As President Trump promised, the United States has exited its failed nuclear agreement with Iran, imposing on it new and far-reaching sanctions. Iran will now try to turn to diplomatic channels and see whether it will tenable for it to uphold the agreement reached in 2015 with China, Russia and European countries – without the U.S. At the same time, if the deal fails – Iran is likely to yet again continue developing its nuclear program.
Over the last few months, the market has experienced a significant change in the way it responds to news headlines. Prior to February, all news was seen as good news. The market, time in and time out, ignored everything and anything that could have been seen as negative: the North Korean nuclear threat, Trump’s political difficulties, and the Fed, which had been gradually tightening its monetary policy.
Since the market peaked at the end of January, it has become more and more sensitive to news. Fears of a trade war caused the market to bounce around like a hot potato, jogging volatility. The market failed to rally in response to a very positive earnings season and needed Warren Buffett to create positive upward movement.
Technically speaking, the rebound that kicked off after the intraday reversal last Thursday very quickly transposed the market from being at an oversold state to an overbought state. The indexes have now encountered significant resistance levels. Technical analysts are already anticipating a retreat – and a price correction. It’s important to recall that the uptrend the market has long enjoyed and which carried it into the month of February, is now over. From February on, the market has experienced a series of failed attempts to climb back to its previous highs. We’re no longer seeing automatic buying in the face of corrections, and the market has responded strongly to headlines.
Yesterday, the market traded around the zero line, traders anticipating a reaction to the news that the U.S. had abandoned its nuclear deal with Iran, imposing in its stead a series of new sanctions. That was expected, the market, when push come to shove, closing flat. Early reports from media networks had added a level of confusion of their own, and we saw a number of computerized buying and selling programs set into motion throughout the day. With that said, a rally prompted by “buying the news” towards the end of the trading day, pushed indexes back to the zero line, satisfying most market players.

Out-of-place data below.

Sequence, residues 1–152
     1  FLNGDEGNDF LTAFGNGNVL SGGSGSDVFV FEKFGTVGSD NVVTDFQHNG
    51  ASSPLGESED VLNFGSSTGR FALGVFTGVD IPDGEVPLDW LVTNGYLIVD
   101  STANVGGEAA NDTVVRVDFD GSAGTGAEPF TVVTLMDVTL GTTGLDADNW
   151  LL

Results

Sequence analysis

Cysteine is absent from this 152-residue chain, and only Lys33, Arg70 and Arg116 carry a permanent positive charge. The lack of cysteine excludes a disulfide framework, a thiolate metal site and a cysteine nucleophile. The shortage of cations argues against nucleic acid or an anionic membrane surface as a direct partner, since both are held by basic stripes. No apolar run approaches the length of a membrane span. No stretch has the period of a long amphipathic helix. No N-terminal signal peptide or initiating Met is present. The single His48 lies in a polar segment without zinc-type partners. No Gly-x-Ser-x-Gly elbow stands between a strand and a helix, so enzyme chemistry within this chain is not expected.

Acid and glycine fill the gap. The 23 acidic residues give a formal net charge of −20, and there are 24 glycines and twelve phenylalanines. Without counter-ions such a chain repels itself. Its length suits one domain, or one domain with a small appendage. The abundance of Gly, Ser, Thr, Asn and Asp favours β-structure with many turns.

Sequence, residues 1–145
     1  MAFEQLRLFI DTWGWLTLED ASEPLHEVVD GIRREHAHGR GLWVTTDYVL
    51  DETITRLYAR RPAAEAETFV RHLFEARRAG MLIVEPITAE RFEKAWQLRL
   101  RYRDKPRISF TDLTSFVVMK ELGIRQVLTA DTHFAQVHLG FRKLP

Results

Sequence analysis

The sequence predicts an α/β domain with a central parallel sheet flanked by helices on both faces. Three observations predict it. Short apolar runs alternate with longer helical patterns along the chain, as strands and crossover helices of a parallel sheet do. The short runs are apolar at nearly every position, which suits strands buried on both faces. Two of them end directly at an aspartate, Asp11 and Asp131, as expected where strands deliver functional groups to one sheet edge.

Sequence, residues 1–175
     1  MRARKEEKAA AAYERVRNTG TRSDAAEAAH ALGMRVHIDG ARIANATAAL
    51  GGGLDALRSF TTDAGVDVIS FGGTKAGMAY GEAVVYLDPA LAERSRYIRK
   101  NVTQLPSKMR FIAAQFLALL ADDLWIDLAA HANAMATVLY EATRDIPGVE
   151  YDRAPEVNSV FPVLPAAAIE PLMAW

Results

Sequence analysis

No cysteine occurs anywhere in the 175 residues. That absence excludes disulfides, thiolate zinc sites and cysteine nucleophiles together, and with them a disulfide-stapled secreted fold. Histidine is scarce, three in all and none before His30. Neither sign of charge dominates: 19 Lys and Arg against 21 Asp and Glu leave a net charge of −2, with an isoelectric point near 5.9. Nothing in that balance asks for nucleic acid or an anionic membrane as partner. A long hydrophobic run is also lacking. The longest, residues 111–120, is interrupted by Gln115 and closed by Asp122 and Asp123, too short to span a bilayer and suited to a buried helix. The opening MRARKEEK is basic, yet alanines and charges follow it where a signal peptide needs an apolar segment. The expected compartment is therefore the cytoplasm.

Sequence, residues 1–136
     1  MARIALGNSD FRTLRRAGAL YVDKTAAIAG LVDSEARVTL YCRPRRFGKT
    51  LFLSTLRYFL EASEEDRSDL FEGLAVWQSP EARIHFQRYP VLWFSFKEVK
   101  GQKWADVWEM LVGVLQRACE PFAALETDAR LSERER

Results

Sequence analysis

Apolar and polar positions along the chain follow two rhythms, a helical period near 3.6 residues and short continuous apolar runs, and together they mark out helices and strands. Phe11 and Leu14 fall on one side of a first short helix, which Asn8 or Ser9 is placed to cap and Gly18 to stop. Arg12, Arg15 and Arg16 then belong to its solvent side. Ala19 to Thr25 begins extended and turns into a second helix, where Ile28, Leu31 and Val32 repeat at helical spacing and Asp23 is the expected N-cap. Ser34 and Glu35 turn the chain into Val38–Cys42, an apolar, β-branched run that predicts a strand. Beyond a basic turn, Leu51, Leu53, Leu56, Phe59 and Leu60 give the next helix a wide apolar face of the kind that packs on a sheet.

The question now is whether, in the long haul, we’ll see the market respond to the news. Technically speaking, the market had anticipated selling yesterday. Also, not moving in sync with the news was crude, which was supposed to be the biggest winner of the U.S. decision, but which traded in very volatile fashion, likewise ultimately ending unchanged.
The market will now await the next catalyst, which will either be the issue of the trade balance with China, or interest rates. Since negotiations between the U.S. and China ended over the weekend, not much interest has been vested in the topic of trade.
The S&P 500 is trading at the upper edge of its trading range and technical analysts expect resistance levels on the upside to hold their ground. On the other hand, a breakup past the 2,683 point level is likely to create a short squeeze, followed by another push to higher ground.
Wednesday: Investors will be primed and ready for producer inflation figures (PPI) at 8:30 N.Y. time. Wholesale trade figures will follow at 10:00. The companies expected to report before opening include: BUD, GRPN, and TM. The market will also respond to the earnings numbers of these companies which reported yesterday after the closing bell: DIS, EA, ETSY, and MAR.
Have a great trading day!
Today’s Picks – Day Trading!